Overcoming acquired and native macrolide resistance with bicarbonate

By in antibiotic resistance, publications on September 8, 2020

Maya A Farha, Craig MacNair, Lindsey A Carfrae, Sara S El Zahed, Michael Joseph Ellis, Hiu-Ki R Tran, Andrew McArthur, & Eric D Brown

ACS Infectious Diseases, in press.

The growing challenge of microbial resistance emphasizes the importance of new antibiotics or reviving strategies for the use of old ones. Macrolide antibiotics are potent bacterial protein synthesis inhibitors with a formidable capacity to treat life-threatening bacterial infections, however, acquired and intrinsic resistance limits their clinical application. In the work presented here, we reveal that bicarbonate is a potent enhancer of the activity of macrolide antibiotics that overcomes both acquired and intrinsic resistance mechanisms. With a focus on azithromycin, a highly prescribed macrolide antibiotic, and using clinically relevant pathogens, we show that physiological concentrations of bicarbonate overcome drug resistance by increasing the intracellular concentration of azithromycin. We demonstrate the potential of bicarbonate as a formulation additive for topical use of azithromycin in treating a murine wound infection caused by Pseudomonas aeruginosa. Further, using a systemic murine model of methicillin-resistant Staphylococcus aureus infection, we demonstrate the potential role of physiological bicarbonate, naturally abundant in the host, to enhance the activity of azithromycin against macrolide-resistant MRSA. In all, our findings suggest that macrolide resistance, observed in the clinical microbiology laboratory using standard culturing techniques, is a poor predictor of efficacy in the clinic and that observed resistance should not necessarily hamper the use of macrolides. Whether as a formulation additive for topical use or as a natural component of host tissues, bicarbonate is a powerful potentiator of macrolides with the capacity to overcome drug resistance in life-threatening bacterial infections.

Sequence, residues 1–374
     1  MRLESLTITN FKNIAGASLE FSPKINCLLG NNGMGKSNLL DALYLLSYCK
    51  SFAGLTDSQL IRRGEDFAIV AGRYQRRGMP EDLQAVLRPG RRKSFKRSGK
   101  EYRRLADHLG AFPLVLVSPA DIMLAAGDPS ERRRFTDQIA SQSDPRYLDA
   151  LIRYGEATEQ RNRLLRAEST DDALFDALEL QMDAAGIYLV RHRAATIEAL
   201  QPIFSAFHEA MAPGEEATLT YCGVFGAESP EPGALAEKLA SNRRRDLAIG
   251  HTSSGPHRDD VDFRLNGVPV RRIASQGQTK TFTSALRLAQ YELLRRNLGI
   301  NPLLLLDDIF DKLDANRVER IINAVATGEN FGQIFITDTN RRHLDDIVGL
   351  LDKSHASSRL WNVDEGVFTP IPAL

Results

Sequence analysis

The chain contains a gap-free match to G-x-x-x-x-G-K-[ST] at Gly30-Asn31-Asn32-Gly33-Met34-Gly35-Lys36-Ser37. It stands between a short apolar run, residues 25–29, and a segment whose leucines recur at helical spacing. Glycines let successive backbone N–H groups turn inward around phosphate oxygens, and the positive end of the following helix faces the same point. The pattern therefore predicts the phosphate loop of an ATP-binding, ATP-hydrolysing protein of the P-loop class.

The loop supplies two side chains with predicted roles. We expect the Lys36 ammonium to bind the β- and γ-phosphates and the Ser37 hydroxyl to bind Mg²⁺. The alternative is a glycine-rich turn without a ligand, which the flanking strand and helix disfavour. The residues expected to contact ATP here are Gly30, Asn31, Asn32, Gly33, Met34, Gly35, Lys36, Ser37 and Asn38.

Comments are closed.